Goldman’s Traders Come Up Short, But IB Strong. Expenses Surge

Even Goldman’s traders couldn’t quite measure up in Q4.

Consistent with disappointing markets performance from JPMorgan and Citi, Goldman’s trading revenue was short of consensus last quarter, results out Tuesday showed.

Although the bank’s FICC haul of $1.86 billion was a beat ($1.8 billion), equities revenue of $2.12 billion underwhelmed. The market wanted nearly $2.5 billion.

Despite coming in a touch higher than consensus, FICC revenue was flat YoY. The bank blamed lower net revenues in rates, credit, commodities and mortgages, leaving FX to pick up the slack. In equities, revenue was down 11% from Q4 2020 on weakness in both cash and derivatives.

All told, trading revenue was $3.99 billion for the quarter, 7% lower than Q4 2020’s $4.27 billion haul and well short of the $4.27 billion the Street wanted to see (figure above).

Fortunately, IB was strong. Revenue of $3.8 billion easily beat estimates and served as a convincing encore from Q3’s bonanza. Advisory fees of $1.63 billion nearly matched the prior quarter’s record high (figure below).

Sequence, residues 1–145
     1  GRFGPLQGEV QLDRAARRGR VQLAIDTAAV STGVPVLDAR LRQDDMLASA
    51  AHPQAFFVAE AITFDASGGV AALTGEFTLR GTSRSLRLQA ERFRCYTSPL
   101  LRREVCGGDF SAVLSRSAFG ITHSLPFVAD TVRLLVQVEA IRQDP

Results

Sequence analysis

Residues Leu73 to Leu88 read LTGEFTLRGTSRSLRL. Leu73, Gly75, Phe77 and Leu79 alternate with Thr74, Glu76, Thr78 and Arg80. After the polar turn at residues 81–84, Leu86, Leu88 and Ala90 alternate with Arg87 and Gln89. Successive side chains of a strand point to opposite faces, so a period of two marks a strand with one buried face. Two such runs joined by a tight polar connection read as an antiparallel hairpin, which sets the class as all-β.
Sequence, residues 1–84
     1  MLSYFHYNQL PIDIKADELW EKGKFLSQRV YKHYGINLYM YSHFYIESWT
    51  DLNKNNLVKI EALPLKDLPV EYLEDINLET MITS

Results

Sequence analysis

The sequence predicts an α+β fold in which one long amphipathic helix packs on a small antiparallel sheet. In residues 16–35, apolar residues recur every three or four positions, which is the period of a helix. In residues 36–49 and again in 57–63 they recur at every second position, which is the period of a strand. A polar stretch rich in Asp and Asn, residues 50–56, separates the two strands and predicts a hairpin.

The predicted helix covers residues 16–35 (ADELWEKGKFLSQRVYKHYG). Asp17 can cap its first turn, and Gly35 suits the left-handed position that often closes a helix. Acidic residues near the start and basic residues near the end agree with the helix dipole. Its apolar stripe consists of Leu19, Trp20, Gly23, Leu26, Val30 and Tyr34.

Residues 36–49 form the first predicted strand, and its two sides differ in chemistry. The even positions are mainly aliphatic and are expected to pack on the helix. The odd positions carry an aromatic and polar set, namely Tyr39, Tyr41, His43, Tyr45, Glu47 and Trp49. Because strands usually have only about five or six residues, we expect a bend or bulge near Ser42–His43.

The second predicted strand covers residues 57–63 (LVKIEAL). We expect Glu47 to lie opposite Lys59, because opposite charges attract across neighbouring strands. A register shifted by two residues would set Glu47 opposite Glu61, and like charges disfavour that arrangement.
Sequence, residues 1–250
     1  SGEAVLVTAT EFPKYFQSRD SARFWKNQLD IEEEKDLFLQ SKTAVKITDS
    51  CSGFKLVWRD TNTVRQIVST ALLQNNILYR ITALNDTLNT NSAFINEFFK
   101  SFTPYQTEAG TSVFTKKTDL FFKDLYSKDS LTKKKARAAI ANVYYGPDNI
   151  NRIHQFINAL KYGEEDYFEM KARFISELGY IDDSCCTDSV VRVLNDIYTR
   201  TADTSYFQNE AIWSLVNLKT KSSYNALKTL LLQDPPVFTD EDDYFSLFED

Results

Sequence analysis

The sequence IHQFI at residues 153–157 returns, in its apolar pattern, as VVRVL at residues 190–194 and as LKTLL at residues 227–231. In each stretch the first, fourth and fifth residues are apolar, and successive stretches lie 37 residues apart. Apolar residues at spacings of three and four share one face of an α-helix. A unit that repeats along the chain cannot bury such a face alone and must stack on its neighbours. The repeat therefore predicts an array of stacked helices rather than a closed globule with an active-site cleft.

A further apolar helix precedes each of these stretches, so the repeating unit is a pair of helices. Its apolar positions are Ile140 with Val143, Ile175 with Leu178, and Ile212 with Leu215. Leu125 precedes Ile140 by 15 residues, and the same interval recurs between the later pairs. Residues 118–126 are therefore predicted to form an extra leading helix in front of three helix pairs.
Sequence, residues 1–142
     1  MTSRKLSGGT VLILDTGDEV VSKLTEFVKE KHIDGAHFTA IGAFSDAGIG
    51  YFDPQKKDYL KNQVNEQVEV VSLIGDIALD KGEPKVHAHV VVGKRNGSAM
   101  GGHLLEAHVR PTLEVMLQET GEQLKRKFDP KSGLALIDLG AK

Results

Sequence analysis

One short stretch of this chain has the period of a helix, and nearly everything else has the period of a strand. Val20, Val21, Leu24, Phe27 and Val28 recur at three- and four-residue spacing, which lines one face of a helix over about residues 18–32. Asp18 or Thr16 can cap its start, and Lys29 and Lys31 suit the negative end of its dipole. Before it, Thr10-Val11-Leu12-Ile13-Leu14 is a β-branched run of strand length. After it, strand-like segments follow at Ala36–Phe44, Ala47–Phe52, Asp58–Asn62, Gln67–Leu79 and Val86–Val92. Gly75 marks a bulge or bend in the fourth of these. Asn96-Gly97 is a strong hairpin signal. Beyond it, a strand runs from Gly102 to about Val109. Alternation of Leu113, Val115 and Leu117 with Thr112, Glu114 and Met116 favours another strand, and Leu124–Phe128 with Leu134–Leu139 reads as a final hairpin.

The bank cited “a significant increase” in completed M&A. Backlogs remained bloated, albeit falling from Q3, when they receded from record levels seen at the end of the second quarter. Overall, IB revenue was a record (black line in the figure, above).

In Asset Management (which used to be Investment Management before Goldman revamped how it breaks down results by division), revenues bounced from a sharp drop in Q3. For 2021 as a whole, net revenues were a record, driven by management fees and equity investments, particularly private equities, where Goldman’s haul nearly quadrupled from 2020 thanks to “company-specific events and improved corporate performance.”

On the topline, Q4 revenue was $12.64 billion, a beat ($12 billion). EPS was $10.81. For the full year, pretty much everything was a record: Revenue, earnings, EPS, IB, Asset Management and Consumer. Markets revenue for 2021 was the highest in a dozen years.

Expenses rose, as expected. Specifically, operating expenses jumped 23% in Q4 on “significantly higher” comp and benefits, as well as “professional fees,” litigation provisions and regulatory proceedings.

All in all, investors won’t be enamored with the Q4 trading miss (or the rising expenses), but you needn’t lose any sleep over Goldman — they’re fine.

“2021 was a record year,” David Solomon said, calling the firm’s performance “extraordinary,” on the way to touting the bank’s commitment to growth, diversification and, of course, “delivering strong returns for shareholders.”

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